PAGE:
There’s going to be a school play soon, and the girls are especially gung-ho about it since Aoi has been chosen to play the prince and Itsuki has been chosen to play the princess. The play that they’re going to put on is called “The Princess in the Tower,” but it is essentially a sad tale. The girls spend a few days just to make the costumes. A day or so before the play, Subaru winds up meeting with Minato again, and she wonders if him and the mysterious garden place are all just a dream.
Before heading home, Subaru finds that Itsuki is still at the school, so they both take a “drive” out into space together. In space, Itsuki reveals that she tries not to have any wishes or desires of her own, because of an incident in her past. In her childhood, she was a rather tomboyish and headstrong kid, who thought that she could do anything. This fearlessness caused her to have a bad fall, and her older brother was blamed for it. Itsuki blames herself for causing her brother and her family trouble.
Suddenly, there is news of another passing engine fragment. Subaru and Itsuki, with the others back on earth, attempt to reel in the fragment, but Itsuki tries too hard and sends them all flying into space; landing near Saturn. Unfortunately, the red-haired boy had followed along, and so the race is on to secure the fragment first. Due to some ingenuity from Itsuki, the girls manage to locate the fragment. And Itsuki learns to overcome her fears of being daring to secure it.
Back home, the girls go on with the play, which has a few changes made to it.
This was a pretty cute episode, with some nice character focus on Itsuki. While Itsuki doesn’t get characterized here as much as Hikaru did, it was still nice to see some of her history, and how she became the person she is now. It’s pretty understandable that a kid would get rather traumatized by an incident like that–she could have very well nearly died. But I think the bigger trauma was of her family being so upset about the incident. That made her realize that she isn’t invincible, but the downside was that it made her overly passive and unwilling to take risks. Fortunately, it seems that Itsuki has finally found a balance between the two extremes now.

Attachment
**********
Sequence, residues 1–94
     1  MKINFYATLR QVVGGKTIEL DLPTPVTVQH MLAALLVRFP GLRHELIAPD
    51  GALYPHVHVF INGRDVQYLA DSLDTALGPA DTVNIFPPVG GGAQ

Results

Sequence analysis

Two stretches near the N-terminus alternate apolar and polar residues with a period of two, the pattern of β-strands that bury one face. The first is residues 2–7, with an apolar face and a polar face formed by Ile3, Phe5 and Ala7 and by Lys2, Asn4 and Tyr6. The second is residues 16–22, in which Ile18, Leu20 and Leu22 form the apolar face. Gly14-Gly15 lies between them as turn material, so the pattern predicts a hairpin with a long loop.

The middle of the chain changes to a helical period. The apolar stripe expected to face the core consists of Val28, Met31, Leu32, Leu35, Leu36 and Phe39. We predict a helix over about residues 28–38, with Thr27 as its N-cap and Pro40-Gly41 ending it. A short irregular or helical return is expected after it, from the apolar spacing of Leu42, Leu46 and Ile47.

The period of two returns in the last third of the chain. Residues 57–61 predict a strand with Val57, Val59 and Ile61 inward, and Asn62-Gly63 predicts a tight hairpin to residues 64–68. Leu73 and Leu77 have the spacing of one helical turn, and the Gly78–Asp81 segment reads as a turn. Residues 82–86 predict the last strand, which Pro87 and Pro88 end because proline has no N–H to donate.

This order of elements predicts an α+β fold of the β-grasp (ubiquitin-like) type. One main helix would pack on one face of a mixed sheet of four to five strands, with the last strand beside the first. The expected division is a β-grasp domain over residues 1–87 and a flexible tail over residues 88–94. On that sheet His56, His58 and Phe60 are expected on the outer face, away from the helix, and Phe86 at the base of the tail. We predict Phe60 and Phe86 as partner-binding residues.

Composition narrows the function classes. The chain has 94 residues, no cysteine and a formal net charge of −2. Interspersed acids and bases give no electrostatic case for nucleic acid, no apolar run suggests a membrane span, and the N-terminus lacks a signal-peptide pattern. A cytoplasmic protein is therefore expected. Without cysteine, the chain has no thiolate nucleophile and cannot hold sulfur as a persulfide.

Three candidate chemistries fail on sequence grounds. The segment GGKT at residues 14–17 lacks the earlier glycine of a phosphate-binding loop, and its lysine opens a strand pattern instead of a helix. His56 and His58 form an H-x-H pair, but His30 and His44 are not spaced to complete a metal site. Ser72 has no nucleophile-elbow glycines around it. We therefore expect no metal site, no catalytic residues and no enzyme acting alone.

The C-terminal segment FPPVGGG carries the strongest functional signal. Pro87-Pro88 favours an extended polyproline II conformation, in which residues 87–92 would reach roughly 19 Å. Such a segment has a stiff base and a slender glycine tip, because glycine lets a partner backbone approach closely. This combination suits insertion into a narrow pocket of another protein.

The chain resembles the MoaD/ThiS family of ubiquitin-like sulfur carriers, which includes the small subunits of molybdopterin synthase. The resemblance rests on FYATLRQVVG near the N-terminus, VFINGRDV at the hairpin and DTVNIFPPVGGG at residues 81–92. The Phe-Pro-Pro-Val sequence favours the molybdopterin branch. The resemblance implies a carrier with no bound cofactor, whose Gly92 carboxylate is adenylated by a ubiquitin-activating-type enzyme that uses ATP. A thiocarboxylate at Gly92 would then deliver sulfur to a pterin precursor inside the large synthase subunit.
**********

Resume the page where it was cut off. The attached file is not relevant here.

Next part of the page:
Once again, Subaru meets with Minato for seemingly no reason. Well, I guess there is some sort of plot-importance this time, as it seems to set up the next episode where Subaru finally realizes just who Minato is. Interestingly, Minato is compared to the princess of the play in this episode. Since Minato’s garden reminds Subaru of the tower from the play, Subaru worries about Minato disappearing. I think it’s fairly obvious at this point that the series is trying to set up Subaru and Minato as THE couple. That’s what essentially happened in the original web shorts, although the ultimate fate of their relationship is left somewhat ambiguous. I do have to wonder, though–Subaru, how dense do you have to be to not put the two and two together? Can you really not recognize Minato just because he has a cape and horns?
Anyway, there was some really nice animation/imagery this episode. I really loved the fairy tale sequence. The story itself is sort of morbid, but there was some very interesting use of cloth and paper cutouts. The first half of this episode was almost sort of SHAFT-like due to the fairy tale sequence and Minato’s head tilting. Luckily, this series isn’t soul-crushingly depressing (and I honestly hope it stays that way). All the parallels between Itsuki and the princess of the play were a nice touch, albeit a bit forced.
Overall, this was a good episode. I can’t say much more than that. This episode doesn’t quite match the emotional impact of the last episode, but it still makes for a great watch.
Out of five: